If I told you that I wanted to take a walk through the woods, listen to my favorite music, and think about my life—and that doing such a thing would make me happy—almost everyone would approve. However, as soon as I mention being under the influence of a drug, most people would disapprove.
There is an intense negative stigma surrounding psychedelic drugs in modern Westernized cultures. Whether it has been the fault of false propaganda or a simple fear of the unknown that one might say defines human nature, people tend not to think highly of drugs such as psilocybin mushrooms or LSD. Before I continue, I want to say that it is perfectly fine for others not to wish to take these drugs themselves, or even for them to disapprove personally. Perhaps it is better that way.
However, the problem arises when they try to make a universal, normative claim about whether these drugs are good or bad. We all acknowledge that each individual is unique, and that different things can satisfy one’s spiritual needs in a way as to make his or her life meaningful, valuable, and worth living. However, the vast majority of society has come to view drugs like LSD as bad for everybody. Even worse, they mock these drugs as something hysterical, something so completely separate from reality that those who take it should be laughed at, delegitimized, or even punished.
Happiness is not static or binary, not some oversimplified “happiness” versus “unhappiness”. Rather, it comes in many forms, with each varying in its degree of intensity. We cannot—and I mean absolutely cannot—know all possible manifestations of happiness until we have felt each at some point before. Not on the pages of a book, from the mouth of a friend, or on a screen; we must feel them ourselves.
Throughout much of my childhood, I felt a species of deep happiness (for lack of a better utilitarian word) that both pervaded throughout and was reflected in all that I encountered in the world. However, it eventually faded. It wore off. It had seemed all along that adults no longer felt this thing, whatever it was, and that someday I was doomed to the same fate. And sure enough, with time, I became just like all the other adults. I gave up on finding that level of happiness again.
This feeling did, however, return eventually—under the influence of drugs.
My freshman year of college, I took psilocybin mushrooms on a cool day in mid-November. For five hours in a small nature reserve near campus, I found myself again. I felt that complete sense of spiritual satisfaction that I had once had but had somehow forgotten with age and time. Until that day, “maturity” had left me no better off in some profound sense.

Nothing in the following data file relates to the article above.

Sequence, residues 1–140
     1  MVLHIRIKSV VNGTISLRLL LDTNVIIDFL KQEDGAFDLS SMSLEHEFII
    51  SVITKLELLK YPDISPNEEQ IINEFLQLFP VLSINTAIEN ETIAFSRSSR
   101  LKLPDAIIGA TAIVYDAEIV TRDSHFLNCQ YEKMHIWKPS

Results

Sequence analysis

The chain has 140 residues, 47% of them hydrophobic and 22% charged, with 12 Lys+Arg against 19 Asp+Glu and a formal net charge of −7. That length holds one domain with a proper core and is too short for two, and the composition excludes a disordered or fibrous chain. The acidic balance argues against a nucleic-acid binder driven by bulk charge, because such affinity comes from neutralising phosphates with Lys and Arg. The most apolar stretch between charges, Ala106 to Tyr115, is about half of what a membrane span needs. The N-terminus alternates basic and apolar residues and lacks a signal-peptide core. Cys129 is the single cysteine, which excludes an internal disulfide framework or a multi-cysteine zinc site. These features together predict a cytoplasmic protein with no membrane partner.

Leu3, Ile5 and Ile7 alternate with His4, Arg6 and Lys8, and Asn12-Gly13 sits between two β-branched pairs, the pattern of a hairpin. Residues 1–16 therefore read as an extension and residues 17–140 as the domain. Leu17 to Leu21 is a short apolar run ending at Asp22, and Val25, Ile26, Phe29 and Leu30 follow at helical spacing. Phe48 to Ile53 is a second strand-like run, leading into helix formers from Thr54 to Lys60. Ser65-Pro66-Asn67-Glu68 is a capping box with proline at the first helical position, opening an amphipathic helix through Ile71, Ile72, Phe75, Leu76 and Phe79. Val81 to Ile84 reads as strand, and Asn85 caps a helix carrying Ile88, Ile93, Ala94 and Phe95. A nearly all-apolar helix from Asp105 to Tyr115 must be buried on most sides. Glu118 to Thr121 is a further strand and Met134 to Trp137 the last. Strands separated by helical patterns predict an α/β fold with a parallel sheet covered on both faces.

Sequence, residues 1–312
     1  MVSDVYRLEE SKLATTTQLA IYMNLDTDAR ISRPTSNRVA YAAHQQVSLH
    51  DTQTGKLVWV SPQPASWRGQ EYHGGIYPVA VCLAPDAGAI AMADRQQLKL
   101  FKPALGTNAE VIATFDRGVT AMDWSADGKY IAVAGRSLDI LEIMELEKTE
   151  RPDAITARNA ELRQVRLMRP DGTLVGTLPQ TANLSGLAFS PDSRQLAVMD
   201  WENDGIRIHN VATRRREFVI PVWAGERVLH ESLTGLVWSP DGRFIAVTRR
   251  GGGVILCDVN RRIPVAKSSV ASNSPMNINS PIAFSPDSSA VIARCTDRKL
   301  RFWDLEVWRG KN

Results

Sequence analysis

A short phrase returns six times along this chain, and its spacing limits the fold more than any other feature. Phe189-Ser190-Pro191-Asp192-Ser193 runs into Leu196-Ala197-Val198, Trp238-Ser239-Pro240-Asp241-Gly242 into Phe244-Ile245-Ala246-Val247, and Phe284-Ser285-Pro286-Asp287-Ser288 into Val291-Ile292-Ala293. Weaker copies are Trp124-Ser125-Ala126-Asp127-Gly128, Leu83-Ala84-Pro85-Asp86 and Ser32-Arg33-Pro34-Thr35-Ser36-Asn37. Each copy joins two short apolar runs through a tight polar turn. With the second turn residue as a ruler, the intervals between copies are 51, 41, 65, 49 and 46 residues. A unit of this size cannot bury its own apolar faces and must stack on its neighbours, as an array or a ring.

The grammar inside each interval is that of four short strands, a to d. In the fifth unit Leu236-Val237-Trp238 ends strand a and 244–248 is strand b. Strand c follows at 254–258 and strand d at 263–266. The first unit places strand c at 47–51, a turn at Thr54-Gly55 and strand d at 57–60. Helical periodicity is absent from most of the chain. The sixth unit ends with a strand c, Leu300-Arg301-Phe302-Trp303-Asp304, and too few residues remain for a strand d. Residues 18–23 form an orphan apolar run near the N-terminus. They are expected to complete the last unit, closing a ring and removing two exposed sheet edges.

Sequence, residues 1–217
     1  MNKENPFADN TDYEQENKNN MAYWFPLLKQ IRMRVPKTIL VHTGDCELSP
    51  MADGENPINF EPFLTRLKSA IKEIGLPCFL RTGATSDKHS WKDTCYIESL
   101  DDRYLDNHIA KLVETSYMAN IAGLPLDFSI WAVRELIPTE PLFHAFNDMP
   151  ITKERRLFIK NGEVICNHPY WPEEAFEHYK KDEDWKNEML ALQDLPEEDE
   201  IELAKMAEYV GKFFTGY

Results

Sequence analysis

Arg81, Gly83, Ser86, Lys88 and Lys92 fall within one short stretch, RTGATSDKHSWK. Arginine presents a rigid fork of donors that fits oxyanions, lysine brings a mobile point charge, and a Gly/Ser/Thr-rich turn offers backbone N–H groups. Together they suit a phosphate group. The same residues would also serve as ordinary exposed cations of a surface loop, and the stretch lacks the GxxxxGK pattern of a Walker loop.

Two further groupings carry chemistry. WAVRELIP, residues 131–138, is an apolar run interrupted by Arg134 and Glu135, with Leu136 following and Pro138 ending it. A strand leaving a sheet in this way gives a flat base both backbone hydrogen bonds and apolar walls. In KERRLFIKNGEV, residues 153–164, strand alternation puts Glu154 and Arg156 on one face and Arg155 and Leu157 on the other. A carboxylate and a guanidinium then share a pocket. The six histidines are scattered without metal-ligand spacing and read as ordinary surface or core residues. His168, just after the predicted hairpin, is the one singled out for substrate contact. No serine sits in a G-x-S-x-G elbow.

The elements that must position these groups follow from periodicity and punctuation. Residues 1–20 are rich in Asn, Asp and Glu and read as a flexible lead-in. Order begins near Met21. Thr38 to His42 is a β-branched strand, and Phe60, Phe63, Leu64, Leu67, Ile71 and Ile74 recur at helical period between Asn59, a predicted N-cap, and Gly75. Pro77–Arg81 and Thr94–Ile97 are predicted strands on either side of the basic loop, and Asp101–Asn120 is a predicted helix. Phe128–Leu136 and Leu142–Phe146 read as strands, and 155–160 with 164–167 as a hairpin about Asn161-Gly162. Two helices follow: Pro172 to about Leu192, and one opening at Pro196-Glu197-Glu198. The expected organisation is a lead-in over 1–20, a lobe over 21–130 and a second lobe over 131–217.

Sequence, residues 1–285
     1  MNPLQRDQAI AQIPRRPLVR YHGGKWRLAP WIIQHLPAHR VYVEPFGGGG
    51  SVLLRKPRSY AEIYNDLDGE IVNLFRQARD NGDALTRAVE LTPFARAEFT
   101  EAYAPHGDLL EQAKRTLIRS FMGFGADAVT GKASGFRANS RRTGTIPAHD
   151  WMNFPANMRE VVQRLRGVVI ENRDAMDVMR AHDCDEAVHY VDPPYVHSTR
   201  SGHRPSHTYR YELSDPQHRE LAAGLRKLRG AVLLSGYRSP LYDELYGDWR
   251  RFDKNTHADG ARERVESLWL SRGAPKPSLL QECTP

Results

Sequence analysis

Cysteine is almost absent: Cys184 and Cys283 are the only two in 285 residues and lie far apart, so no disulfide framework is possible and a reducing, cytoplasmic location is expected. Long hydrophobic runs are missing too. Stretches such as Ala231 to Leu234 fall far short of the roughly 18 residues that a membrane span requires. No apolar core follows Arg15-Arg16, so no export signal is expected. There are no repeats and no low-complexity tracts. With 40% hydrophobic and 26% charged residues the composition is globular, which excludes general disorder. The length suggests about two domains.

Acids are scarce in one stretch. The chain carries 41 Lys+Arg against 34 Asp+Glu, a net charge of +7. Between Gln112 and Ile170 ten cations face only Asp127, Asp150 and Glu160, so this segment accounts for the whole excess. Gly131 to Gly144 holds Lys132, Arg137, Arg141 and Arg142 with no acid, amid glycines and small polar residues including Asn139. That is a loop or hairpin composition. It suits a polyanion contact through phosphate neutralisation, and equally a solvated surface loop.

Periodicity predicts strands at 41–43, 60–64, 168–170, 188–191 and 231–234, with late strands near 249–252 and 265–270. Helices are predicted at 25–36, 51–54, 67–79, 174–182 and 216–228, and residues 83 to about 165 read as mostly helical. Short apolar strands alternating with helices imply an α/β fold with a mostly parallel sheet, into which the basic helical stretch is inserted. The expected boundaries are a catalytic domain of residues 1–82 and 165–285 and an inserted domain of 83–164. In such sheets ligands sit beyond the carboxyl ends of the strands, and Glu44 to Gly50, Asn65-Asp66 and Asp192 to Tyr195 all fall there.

Many people with whom I talk about this simply smile and shake their head, saying something along the lines of “That’s sad that you need drugs to make you feel happy like that. I’m happy like that all the time.” But I find it extremely difficult to believe that most people actually feel the level of happiness that I felt on drugs that day, the level of happiness I typically feel for several weeks after taking a psychedelic drug, and the level of happiness I experienced as a child. In fact, I find it impossible; if most people really felt that, these drugs would never have gotten such a negative stigma. Perhaps it is simple: we are, as a society, afraid to feel anything too powerful or too different. We prefer normal, so long as it is disguised by the subtle façade of novelty, rebellion, or intellectualism.
However, some of us need something else to be truly fulfilled. Productivity, friendship, recognition, music, and love are all good places to start, but not always sufficient. What I can tell you beyond the shadow of a doubt is that certain psychedelic drugs have sufficed.
Do not dismiss them as “recreational.” Do not dismiss them as “reckless.” Please do not dismiss them at all. They are essential to my becoming who I am. It is easy to scoff off at someone who says that drugs are essential to who they are, but I ask you to think again. It is similarly easy to approve of someone who goes through her whole life more conventionally, who studies and stays in school and gets a good job and works hard and supports a family and then dies with an empty, superficial smile on her face. However, are we really doing her (or anyone else for that matter) any good by approving of this life—and thus encouraging it in others—if such a life does not make her genuinely happy?
I will conclude with a utilitarian platitude: We should wish for all people to live the best lives they can. We should also acknowledge that different people require different things to be happy. And so, when I decide to eat psilocybin mushrooms or press a tab of LSD against my tongue, do not shake your head as if you know better.
Like most people (read: everyone?), I still have a lot of shit to figure out in my life. But I have a pretty good idea of what it takes for me to be happy. And I will admit—without even the slightest trace of shame—that psychedelic drugs play an important role in that fulfillment. Nonetheless, I write this under the veil of anonymity; not because I am embarrassed, but because those who publicly endorse psychedelic drugs tend to lose the credibility and respect required to change that notion in the first place.
Similar shifts have already occurred in the advocacy for rights of different races, sexualities, and—more recently—the mentally ill. It is now time to apply that progress to drugs.